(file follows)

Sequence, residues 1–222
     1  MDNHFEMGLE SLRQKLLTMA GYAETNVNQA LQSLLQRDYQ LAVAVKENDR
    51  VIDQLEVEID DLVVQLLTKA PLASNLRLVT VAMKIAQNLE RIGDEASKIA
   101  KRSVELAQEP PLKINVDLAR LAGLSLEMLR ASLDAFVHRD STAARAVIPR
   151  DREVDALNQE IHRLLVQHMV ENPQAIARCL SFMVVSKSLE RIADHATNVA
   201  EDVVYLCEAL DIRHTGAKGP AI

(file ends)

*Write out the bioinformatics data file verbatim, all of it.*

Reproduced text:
Sequence, residues 1–222
     1  MDNHFEMGLE SLRQKLLTMA GYAETNVNQA LQSLLQRDYQ LAVAVKENDR
    51  VIDQLEVEID DLVVQLLTKA PLASNLRLVT VAMKIAQNLE RIGDEASKIA
   101  KRSVELAQEP PLKINVDLAR LAGLSLEMLR ASLDAFVHRD STAARAVIPR
   151  DREVDALNQE IHRLLVQHMV ENPQAIARCL SFMVVSKSLE RIADHATNVA
   201  EDVVYLCEAL DIRHTGAKGP AI